Jackson has won more games (30) than any other quarterback since taking over as Baltimore's starter midway through the 2018 season and became the fastest QB in NFL history to reach 30 regular-season victories (37 games).

He is also the first in league history to produce 5,000 passing yard and 2,500 rushing yards in his first three NFL seasons.

Jackson had 242 completions for 2,757 yards – at 64.4 per cent – 26 touchdowns and nine interceptions in 15 appearances for the Ravens last season.

In total, Jackson has tallied 606 completions, 7,085 yards, 68 touchdowns and 18 interceptions since entering the league.

That all-around excellence has Harbaugh excited to continue building around the 24-year-old. 

"The thing he talks about all the time is, he wants to win a Super Bowl, then go from there. That's the kind of mindset you want to have," Harbaugh added. "I think he's a very unique guy. He's a guy that's different in a lot of ways than any quarterback, probably, that's ever played. 

"No two players are exactly the same, but Lamar is somebody that breaks the mould a little bit, and he does it in a way a lot of people didn't anticipate.

"They didn't see this coming. They didn't think a quarterback would play in this style. They talked about him playing other positions and all that. 

"He's very determined, and we're very determined, to prove those people wrong, and also to kind of pave a new path here and show what's possible with a different type of a skill set." 

Dallas Cowboys quarterback Dak Prescott might be ahead of schedule in his return from the ankle injury that ended his 2020 season prematurely, according to Mike McCarthy.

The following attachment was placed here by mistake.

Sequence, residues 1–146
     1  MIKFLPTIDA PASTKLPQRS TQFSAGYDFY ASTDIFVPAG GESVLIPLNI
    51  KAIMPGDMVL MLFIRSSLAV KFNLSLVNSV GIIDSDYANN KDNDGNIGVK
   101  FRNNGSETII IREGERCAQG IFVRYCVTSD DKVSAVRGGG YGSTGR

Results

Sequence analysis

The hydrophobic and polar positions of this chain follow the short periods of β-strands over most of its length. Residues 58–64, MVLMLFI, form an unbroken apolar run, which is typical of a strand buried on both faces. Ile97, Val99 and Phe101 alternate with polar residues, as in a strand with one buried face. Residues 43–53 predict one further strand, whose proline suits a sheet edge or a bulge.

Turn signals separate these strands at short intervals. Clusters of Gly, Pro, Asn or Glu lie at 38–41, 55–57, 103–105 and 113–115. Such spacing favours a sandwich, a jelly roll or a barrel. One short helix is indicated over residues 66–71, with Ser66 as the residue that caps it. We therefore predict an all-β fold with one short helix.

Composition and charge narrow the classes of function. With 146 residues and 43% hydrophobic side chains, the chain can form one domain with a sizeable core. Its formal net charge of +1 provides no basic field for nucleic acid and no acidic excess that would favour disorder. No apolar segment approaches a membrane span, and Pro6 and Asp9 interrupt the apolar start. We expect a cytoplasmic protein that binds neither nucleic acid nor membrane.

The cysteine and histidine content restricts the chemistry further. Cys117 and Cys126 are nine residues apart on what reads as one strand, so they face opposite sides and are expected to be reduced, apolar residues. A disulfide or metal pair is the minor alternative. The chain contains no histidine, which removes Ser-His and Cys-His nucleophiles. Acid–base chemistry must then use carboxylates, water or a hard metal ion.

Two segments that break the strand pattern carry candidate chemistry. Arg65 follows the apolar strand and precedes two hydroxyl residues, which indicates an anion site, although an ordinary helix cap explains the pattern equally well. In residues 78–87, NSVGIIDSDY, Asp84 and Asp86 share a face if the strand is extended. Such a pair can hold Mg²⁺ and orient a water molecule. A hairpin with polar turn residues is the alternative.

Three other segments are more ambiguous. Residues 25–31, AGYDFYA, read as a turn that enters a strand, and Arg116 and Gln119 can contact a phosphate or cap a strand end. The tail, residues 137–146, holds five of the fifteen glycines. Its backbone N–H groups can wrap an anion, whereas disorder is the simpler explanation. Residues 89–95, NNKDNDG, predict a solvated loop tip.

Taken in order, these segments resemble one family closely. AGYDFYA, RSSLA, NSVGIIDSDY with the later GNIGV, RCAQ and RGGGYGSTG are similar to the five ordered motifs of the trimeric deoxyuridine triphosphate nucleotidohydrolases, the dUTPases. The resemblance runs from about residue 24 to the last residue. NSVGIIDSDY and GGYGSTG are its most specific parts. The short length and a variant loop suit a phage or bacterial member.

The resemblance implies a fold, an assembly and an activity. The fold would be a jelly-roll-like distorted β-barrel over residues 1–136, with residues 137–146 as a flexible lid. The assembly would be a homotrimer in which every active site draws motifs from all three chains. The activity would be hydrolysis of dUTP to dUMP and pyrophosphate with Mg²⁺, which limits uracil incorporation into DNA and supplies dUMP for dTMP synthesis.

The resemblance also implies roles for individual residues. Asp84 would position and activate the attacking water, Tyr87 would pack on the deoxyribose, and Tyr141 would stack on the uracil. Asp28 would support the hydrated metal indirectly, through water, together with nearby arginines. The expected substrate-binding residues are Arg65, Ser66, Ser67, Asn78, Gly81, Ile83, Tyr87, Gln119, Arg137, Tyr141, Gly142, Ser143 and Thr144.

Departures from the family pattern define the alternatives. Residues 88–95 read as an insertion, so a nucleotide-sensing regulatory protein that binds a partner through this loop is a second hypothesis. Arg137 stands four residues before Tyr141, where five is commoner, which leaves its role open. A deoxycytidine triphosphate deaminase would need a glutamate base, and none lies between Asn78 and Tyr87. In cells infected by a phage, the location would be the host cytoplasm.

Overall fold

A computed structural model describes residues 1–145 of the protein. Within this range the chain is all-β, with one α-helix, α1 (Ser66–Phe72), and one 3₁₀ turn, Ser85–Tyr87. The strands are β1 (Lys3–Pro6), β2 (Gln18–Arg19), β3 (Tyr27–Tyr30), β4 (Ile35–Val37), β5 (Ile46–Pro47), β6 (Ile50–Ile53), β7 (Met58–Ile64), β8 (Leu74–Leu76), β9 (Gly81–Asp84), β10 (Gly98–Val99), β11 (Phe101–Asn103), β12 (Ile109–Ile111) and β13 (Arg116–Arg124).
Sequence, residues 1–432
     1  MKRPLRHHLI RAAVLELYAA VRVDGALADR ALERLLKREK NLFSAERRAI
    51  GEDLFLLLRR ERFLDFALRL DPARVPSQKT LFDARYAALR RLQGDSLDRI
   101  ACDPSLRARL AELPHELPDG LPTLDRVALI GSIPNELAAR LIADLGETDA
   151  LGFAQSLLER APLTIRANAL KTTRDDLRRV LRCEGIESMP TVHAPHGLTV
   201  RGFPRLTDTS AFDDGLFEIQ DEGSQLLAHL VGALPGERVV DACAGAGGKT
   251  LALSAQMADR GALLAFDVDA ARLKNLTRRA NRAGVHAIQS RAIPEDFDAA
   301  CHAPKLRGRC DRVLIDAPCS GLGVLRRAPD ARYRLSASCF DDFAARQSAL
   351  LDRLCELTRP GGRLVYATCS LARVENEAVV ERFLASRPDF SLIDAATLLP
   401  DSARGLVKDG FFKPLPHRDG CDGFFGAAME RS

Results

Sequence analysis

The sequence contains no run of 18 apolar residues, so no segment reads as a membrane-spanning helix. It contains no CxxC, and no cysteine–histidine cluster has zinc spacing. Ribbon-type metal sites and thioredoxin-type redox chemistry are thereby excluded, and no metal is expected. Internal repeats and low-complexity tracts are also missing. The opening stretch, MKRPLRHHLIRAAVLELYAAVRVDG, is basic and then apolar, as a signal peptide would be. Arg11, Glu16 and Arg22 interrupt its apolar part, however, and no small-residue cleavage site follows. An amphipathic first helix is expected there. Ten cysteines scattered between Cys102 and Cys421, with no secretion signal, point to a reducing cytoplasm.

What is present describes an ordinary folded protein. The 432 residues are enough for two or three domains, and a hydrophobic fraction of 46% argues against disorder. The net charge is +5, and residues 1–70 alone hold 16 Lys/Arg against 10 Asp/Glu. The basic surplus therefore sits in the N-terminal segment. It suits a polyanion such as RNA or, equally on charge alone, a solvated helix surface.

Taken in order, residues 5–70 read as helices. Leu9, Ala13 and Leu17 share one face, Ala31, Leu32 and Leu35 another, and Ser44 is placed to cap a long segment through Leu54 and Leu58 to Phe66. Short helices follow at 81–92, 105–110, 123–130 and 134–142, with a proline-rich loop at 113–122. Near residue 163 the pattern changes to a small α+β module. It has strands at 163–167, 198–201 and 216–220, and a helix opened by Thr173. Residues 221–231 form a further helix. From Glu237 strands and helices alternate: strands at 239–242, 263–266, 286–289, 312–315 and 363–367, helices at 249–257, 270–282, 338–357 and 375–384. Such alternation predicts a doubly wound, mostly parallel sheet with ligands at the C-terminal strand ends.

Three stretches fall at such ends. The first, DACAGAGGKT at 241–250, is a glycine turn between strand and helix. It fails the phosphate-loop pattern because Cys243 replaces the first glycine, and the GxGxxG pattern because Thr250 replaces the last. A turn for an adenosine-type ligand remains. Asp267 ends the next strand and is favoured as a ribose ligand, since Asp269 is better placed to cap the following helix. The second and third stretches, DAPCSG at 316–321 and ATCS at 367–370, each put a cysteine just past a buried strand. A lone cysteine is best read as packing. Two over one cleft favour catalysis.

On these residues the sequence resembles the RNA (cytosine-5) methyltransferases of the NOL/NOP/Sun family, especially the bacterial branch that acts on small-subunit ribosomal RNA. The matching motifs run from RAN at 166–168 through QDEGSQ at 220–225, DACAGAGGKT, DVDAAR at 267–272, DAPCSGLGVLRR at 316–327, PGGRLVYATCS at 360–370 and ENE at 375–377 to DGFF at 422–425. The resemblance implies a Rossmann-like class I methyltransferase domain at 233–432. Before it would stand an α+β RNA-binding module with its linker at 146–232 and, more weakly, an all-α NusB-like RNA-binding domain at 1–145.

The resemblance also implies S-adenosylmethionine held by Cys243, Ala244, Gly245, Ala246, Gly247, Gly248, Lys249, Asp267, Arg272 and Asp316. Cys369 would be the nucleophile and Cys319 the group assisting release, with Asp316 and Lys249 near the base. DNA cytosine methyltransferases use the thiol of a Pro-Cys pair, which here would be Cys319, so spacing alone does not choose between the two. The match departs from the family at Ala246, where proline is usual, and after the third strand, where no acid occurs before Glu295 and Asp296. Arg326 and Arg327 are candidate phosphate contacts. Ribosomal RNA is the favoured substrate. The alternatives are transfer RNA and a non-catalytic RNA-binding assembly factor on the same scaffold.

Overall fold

Cowboys head coach McCarthy watched Prescott go through rehabilitation work on Saturday and was pleased with the progress the two-time NFL Pro Bowler has made.

Prescott suffered a compound fracture and dislocation of his right ankle in an October 11 game against the New York Giants but has had no apparent setbacks in his rehab. 

"He's throwing now, doing footwork drills. He's made a lot of progress," McCarthy told reporters on Tuesday.

"Very disciplined in his regimen. He's here almost every day. I'd say he's right on track or maybe a little ahead of schedule.

"I was very impressed with his progress. Just coming off the type of injury and his footwork, and he's doing all of the normal movements that you look to do in a quarterback-school format this time of year."

Prescott had surgery in October to fix the injury, then another procedure in December to address a prior issue with ligaments in the ankle. 

He signed a four-year contract extension in March that guarantees him $126million and could be worth $160m. 

At the news conference announcing that deal, Prescott pronounced himself "healthy" and said he was "getting close" to a return to the practice field. 

The 27-year-old had never missed a start in his NFL career before the ankle injury.

In those 69 regular-season games, he has thrown for 17,634 yards with 106 touchdowns and 40 interceptions.

Prescott has also rushed for 1,314 yards and 24 more touchdowns.

Trey Lance insists he has the potential and ability to become the best quarterback to emerge from the 2021 NFL Draft, despite a star-studded class.